Stephen King must be the master of horror and science fiction, his writing is vivid, powerful and unforgettable ( although I sometimes wish I could forget the dark streak in “Christine”, the first of his books that I read so many years ago).
But this, his own story has a fascination beyond the fiction. He tells it with his usual powerful use of words and allegories. Some of the images I have retained from reading this book made me laugh out loud, they are funny but also unexpected. He is able to put together two unrelated occurrences and weave a story around them. He can compare two very different experiences in a way that made me think more clearly about writing and the skills needed to become good at it.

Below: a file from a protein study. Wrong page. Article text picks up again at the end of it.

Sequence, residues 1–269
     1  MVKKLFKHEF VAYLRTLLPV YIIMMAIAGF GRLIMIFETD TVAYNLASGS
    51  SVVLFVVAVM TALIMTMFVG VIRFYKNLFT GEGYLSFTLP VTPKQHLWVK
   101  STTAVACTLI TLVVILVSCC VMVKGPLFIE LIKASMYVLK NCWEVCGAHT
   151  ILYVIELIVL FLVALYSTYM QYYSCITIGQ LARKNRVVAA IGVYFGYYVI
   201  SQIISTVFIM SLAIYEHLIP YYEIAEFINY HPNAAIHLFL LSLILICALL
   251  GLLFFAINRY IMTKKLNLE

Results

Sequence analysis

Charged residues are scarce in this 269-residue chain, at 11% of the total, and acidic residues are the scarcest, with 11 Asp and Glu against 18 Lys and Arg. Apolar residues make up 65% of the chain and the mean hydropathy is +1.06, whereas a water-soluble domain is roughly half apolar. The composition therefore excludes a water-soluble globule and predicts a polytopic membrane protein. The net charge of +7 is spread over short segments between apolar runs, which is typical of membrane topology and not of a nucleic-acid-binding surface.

This book is part biographic and part a thesis on what a capable writer needs to become a good writer. It also makes the strong point that to succeed in offering something worth reading to complete strangers we must actually love writing, and treat it as a work with its own ethics, tools and discipline. Stephen King is not a great writer by accident.
Any aspiring writer should read his words and consider how they might relate to his or her own writing efforts. He makes no secret of the fact that not everyone is capable of writing well, but if you are capable then you can improve. Above all, Stephen King uses words in unique, exciting and imaginative ways. I recommend this book to anyone who likes a good story well told and most especially aspiring writers of fiction.
This post was created with our nice and easy submission form. Create your post!